Looking at examples across government, businesses, and the small and medium-sized enterprise (SME) sector, I believe the possibilities of enhanced payment data have the potential to bring about very significant reductions in cost.


While the work the PSF and the government have been doing has focused on improvements that could and should be made, there is still a lot of work to be done – which I am sure the forum would be the first to acknowledge.

Strategies and identifiable user cases are all very well, but none of them means much without there being a clear plan for how they will be delivered.

The consultation questions posed in the PSF draft strategy ask for contributions from the industry on just that point. And I would, as I did at the Payments Innovation Conference last week, urge all of you to respond as constructively and comprehensively as you can.

I understand the consultation period is relatively short, but we are not starting from scratch.

I know a lot of work has been going on across the payments landscape. For example:

Payments UK’s work on the World Class Payments System
work to comply with the Competition and Market Authority’s requirements on APIs on Open Banking Data

As the PSF have set out in its document, all this activity and the government’s needs are, in principle, capable of being aligned and built into a strategic framework.

I would like to see you – the payments industry – take advantage of this alignment and this framework. So that we can move smoothly after the strategy is finalised to planning and delivery.

That would enable all users of the payments industry to build changes and improvements in the UK’s payments systems into their longer term plans.

Data security

I have been involved in work with payments systems for some 5 years. It is worth reminding ourselves of the reasons that my department and my ministerial colleagues have been interested in this.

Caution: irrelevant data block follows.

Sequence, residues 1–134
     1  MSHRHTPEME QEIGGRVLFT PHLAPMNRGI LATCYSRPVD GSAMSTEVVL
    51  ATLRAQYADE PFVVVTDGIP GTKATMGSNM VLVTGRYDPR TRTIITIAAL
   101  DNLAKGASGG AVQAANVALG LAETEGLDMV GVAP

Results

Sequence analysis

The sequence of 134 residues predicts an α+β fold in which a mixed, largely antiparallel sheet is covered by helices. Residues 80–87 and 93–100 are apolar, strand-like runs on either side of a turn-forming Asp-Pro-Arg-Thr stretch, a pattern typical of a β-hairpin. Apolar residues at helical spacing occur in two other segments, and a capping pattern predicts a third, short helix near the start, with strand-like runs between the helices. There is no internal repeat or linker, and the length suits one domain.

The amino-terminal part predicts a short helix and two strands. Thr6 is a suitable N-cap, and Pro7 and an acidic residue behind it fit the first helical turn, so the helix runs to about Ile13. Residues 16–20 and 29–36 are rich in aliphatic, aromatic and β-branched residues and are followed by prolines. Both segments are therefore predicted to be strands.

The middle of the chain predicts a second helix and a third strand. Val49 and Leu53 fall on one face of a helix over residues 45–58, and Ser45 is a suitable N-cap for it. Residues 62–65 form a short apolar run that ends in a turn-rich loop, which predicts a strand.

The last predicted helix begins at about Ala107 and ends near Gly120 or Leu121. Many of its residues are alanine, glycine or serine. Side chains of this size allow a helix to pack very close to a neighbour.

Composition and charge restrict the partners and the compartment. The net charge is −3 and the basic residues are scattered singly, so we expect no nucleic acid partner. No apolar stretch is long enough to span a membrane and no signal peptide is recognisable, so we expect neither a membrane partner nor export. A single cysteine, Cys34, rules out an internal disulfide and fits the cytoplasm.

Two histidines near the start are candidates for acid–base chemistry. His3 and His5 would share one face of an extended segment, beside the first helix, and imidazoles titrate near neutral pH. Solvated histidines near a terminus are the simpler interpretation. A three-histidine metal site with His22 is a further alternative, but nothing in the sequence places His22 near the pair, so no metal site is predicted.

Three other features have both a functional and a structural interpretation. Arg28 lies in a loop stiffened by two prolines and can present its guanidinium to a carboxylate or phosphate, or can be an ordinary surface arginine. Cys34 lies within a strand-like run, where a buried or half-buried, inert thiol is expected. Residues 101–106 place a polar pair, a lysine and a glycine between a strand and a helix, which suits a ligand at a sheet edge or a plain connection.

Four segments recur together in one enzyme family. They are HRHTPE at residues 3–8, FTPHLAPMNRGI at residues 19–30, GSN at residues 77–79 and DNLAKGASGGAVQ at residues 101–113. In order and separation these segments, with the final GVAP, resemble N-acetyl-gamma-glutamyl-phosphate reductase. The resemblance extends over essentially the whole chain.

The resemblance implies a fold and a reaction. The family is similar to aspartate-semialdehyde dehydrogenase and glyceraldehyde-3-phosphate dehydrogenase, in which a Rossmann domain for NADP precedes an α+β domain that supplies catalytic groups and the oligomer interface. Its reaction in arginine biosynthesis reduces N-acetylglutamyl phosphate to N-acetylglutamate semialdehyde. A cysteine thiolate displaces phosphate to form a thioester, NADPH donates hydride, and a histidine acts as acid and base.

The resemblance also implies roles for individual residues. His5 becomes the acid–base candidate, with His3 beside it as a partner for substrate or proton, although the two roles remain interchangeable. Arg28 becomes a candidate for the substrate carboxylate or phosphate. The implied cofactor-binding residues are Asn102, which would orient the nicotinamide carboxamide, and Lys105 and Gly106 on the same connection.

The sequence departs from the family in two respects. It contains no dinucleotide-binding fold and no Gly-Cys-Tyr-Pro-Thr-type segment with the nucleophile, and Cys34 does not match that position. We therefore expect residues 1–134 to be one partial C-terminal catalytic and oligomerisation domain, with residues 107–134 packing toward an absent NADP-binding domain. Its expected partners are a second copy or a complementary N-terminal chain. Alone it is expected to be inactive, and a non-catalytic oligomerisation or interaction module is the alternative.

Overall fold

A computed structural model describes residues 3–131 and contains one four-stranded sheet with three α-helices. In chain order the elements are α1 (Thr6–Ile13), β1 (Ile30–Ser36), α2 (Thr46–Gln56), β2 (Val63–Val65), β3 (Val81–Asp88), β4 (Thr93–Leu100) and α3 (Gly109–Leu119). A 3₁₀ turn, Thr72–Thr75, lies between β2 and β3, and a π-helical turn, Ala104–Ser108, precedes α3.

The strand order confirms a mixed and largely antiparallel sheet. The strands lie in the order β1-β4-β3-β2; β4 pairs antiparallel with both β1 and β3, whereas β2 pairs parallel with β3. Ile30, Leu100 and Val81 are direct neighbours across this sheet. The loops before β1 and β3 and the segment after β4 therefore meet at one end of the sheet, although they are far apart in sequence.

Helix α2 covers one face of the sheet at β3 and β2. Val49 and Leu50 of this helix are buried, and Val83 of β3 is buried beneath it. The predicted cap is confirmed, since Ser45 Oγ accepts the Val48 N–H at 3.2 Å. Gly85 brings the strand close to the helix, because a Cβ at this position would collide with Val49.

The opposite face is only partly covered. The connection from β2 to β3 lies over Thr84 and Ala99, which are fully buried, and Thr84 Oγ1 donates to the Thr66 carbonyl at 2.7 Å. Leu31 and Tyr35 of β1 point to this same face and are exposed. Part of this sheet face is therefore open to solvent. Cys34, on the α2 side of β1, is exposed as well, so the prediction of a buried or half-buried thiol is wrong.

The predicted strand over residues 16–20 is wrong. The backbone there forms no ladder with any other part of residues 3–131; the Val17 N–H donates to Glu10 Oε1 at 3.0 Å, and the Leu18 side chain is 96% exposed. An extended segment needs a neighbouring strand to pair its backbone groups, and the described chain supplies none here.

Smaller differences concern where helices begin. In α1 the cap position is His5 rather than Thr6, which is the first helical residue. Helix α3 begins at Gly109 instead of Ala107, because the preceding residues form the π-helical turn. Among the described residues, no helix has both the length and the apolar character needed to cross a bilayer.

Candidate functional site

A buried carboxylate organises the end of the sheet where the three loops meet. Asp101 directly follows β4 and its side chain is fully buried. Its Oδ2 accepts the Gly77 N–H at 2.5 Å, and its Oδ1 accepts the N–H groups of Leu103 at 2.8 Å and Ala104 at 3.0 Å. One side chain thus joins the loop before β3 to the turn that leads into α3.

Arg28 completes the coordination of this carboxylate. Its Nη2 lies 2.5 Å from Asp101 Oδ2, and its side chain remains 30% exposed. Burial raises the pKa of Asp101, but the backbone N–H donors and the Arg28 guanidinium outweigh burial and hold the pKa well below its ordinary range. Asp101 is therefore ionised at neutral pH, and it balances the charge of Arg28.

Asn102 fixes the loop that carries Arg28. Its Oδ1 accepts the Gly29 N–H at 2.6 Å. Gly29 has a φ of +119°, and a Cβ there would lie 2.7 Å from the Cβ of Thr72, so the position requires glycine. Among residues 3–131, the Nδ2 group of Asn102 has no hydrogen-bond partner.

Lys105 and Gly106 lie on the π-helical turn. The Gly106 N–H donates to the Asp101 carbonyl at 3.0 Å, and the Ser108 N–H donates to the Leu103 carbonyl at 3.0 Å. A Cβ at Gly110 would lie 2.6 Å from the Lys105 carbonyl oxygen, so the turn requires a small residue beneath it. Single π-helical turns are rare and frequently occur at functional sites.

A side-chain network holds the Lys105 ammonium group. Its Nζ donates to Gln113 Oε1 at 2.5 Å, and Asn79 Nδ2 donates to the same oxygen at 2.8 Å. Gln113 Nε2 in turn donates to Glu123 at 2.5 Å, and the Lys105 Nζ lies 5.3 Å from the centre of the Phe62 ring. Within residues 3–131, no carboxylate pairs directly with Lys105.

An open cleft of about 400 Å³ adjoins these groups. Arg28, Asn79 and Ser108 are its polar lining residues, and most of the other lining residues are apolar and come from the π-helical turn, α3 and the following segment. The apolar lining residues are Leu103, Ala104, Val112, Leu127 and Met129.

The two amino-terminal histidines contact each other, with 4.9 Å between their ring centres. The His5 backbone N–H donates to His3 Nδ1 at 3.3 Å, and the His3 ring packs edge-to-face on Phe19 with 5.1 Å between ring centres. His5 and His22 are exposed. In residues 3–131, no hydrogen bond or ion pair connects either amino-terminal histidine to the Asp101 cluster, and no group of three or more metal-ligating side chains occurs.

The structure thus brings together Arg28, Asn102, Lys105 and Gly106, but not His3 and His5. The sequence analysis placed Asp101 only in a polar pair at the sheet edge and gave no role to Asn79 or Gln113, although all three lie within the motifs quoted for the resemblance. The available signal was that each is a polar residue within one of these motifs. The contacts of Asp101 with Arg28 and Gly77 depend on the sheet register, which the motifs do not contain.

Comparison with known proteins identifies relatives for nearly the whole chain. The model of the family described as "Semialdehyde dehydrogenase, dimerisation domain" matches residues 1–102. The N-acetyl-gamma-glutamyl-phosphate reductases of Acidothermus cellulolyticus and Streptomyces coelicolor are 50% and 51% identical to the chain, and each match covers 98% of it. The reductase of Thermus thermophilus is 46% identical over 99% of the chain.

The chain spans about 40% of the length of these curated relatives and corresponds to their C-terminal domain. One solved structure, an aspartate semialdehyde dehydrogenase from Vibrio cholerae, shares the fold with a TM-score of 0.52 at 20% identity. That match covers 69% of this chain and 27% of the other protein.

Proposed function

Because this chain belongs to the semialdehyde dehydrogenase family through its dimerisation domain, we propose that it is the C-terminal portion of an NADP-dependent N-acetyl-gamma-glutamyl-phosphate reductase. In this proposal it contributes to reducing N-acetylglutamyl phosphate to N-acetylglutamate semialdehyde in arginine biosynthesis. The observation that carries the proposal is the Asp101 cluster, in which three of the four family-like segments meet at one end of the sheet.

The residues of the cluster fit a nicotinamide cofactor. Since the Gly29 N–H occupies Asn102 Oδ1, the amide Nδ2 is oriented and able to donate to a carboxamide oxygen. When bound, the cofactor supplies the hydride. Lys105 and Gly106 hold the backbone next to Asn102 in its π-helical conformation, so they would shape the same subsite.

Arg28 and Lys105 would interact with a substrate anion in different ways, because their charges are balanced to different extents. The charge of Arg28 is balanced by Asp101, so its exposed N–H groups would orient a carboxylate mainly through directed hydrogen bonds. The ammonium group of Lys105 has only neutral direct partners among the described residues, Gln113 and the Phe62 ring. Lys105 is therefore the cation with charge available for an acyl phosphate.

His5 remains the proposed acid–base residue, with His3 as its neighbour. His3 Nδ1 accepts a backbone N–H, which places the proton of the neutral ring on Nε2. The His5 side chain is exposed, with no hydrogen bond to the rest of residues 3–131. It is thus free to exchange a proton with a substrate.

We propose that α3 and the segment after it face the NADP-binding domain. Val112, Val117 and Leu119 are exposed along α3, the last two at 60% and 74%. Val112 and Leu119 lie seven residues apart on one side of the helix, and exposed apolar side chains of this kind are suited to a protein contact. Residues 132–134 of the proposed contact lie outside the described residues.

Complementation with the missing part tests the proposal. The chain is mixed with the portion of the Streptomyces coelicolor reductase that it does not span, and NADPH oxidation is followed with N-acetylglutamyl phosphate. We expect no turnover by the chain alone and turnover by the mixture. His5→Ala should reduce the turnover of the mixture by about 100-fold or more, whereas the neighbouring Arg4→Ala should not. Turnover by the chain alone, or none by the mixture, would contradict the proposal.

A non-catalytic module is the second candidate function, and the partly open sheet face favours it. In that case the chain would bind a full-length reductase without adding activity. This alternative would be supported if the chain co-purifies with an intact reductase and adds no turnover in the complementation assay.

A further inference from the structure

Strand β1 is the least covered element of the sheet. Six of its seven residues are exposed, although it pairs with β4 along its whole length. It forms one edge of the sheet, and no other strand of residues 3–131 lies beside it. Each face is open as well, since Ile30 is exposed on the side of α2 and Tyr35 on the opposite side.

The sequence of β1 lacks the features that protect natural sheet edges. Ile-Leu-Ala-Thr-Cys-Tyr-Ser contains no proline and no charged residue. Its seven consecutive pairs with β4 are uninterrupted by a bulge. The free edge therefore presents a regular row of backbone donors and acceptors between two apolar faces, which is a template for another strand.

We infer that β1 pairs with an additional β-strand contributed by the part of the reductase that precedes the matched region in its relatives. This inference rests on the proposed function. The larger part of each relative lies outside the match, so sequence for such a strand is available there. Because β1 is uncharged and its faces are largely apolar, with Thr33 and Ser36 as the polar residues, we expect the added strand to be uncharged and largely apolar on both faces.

The UK’s payments system is not just the financial lifeblood of our country. It is also a secure, reliable, resilient and ubiquitous data carriage network. Currently the data carried by that system performs one specific task.

Throughout the 5 years I have been involved, our driver has been to see what else this system could do with an enhancement of its essential data carriage function.

For my part, I am committed to improving the experience of welfare for those who rely on welfare payments – especially for those who are the most vulnerable in our society.

Any changes that are made to the payments system must ensure that security and privacy are paramount. And that we protect our core national infrastructure, which has the potential to transform functions across all sectors.


As I said last week, the work that we in government – and you the industry – have been doing, has brought a large degree of alignment and consensus.

I would like to think that with the regulators working to align their position, the identification of user situations, and investment by the industry – we are set to ensure real change in the UK’s payment system, to the benefit of citizens, businesses and government.

I look forward to a constructive consultation period, a quick transition into planning and delivery phase, and real change soon.